I usually like statistics, but what I've come to realize is that I only like *reading* statistics, I don't like calculating them. I've spent most of my school time for the past few days trying to figure out how to calculate confidence intervals and p-values for some data sets I've generated as part of my dissertation project. Aside from not knowing how to do this for simple cases, my sets of data are far from simple.

Briefly, I've got dozens of trials, each of which produces, among other variables, a score for each tribe of animats (artificial life agents) in the trial. However, this score is actually the average of 1,000 intermediate scores taken at 1,000 second intervals (total of 1,000,000 seconds per trial). Further, the animats in each tribe change over time, as animats are born and die; an animat dies and a new one is created, in each tribe, every 20,000 seconds. So, there are 50 distinct (overlapping) sets of animats per tribe over the course of a trial, and complete turn-over within a tribe every 200,000 seconds (since there are 10 animats per tribe). This yields five *non-overlapping* sets of animats per tribe per trial, but they aren't independent because the whole point of the experiment is that animats transmit knowledge and behavior (*culture*) across generations.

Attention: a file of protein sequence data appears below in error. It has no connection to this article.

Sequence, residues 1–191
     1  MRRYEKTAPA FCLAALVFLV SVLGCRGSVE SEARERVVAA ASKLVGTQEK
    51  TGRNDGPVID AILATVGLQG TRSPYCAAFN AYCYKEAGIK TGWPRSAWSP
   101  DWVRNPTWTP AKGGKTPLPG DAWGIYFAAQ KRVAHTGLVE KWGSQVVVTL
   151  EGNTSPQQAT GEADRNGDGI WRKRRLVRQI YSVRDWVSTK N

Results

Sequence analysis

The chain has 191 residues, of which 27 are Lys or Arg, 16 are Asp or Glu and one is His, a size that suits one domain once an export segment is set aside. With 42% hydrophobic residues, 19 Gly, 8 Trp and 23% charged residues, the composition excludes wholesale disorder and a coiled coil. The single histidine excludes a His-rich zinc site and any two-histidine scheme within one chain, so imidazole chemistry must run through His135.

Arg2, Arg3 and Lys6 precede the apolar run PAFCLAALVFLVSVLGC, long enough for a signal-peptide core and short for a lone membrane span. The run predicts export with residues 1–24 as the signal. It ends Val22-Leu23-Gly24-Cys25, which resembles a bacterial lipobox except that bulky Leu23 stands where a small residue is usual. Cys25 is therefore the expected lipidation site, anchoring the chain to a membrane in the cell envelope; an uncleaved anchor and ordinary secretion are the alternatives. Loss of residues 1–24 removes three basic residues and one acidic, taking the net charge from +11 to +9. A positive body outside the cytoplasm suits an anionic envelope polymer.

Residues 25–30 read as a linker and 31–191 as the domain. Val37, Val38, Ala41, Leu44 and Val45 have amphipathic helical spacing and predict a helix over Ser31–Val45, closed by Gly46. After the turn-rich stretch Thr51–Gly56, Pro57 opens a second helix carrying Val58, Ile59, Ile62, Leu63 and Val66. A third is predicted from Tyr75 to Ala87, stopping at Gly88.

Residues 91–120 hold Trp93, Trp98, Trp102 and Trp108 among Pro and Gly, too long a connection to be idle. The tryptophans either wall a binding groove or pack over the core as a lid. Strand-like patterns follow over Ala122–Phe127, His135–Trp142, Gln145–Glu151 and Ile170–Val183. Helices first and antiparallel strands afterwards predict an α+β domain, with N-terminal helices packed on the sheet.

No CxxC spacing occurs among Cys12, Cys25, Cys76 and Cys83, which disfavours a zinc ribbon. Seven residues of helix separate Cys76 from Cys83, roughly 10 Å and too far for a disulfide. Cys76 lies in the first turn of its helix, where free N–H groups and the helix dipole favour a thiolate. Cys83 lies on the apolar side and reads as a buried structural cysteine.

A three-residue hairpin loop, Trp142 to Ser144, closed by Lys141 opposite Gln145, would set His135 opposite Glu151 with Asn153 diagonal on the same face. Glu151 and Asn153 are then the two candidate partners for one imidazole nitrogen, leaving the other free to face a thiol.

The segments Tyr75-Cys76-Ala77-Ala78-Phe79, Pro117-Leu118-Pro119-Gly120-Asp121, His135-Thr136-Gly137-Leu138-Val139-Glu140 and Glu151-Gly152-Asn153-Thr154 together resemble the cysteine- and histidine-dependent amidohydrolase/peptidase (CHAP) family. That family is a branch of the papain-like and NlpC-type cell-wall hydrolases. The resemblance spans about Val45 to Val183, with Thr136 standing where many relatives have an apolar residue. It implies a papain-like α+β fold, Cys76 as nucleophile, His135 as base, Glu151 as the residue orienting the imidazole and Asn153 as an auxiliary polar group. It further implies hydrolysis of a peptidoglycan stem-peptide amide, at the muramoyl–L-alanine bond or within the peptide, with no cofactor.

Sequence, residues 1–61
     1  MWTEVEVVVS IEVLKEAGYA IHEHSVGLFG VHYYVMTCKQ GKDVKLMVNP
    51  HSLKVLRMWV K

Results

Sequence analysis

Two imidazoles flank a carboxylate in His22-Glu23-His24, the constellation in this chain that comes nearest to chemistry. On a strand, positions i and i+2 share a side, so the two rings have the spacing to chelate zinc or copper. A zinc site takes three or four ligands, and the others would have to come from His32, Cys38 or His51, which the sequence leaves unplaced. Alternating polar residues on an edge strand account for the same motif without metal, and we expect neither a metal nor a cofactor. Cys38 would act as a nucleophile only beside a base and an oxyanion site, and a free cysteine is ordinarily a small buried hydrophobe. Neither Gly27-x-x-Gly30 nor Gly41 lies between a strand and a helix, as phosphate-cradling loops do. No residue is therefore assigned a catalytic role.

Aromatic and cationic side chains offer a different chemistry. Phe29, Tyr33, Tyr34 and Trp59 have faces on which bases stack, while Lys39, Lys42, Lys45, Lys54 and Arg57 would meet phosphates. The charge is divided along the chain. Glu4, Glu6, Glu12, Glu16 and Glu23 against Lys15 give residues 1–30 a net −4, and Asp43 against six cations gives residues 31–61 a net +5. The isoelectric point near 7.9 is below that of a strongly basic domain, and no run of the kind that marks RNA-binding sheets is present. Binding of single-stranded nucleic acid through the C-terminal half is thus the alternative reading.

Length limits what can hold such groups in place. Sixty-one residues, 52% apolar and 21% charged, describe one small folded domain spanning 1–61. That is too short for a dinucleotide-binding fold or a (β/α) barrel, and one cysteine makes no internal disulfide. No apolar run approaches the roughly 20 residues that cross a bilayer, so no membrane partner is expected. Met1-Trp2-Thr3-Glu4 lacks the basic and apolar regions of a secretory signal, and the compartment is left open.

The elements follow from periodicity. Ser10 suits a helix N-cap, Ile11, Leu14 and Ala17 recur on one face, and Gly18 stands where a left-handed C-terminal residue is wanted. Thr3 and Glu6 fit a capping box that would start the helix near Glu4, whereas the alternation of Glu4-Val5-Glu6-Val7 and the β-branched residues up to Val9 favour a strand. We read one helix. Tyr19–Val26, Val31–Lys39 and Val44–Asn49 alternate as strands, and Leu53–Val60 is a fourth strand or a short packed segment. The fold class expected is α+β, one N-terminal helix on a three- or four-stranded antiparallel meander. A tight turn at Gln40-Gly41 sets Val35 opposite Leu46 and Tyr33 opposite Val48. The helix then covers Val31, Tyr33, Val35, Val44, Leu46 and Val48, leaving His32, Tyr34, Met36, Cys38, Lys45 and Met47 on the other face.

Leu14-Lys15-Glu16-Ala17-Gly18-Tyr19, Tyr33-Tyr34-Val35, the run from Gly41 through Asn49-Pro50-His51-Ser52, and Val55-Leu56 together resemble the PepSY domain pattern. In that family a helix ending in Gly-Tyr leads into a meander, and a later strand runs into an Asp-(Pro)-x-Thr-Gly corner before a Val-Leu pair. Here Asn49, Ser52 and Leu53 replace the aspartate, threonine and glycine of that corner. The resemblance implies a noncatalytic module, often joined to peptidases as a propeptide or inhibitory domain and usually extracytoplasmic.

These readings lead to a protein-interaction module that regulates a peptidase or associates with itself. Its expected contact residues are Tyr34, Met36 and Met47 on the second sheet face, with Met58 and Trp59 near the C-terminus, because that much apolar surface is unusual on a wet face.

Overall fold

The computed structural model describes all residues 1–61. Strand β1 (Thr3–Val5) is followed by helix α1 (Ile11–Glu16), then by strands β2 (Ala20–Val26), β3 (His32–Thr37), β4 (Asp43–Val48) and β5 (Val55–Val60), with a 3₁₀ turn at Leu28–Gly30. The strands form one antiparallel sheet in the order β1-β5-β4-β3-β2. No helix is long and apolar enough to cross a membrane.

Whew. So, I have a bunch of data, and some experiments consist of only 20 trials. However, because of my setup, I think that these 20 trials have the statistical significance of nearly 100 shorter trials because of the non-overlapping sets and multiple tribes per trial. I have calculated correlation coefficients between scores and other measurements, and between scores and various animat characteristics that I want to test the usefulness of, but I am getting thoroughly lost as I try to figure out the statistical significance of my numbers, if any.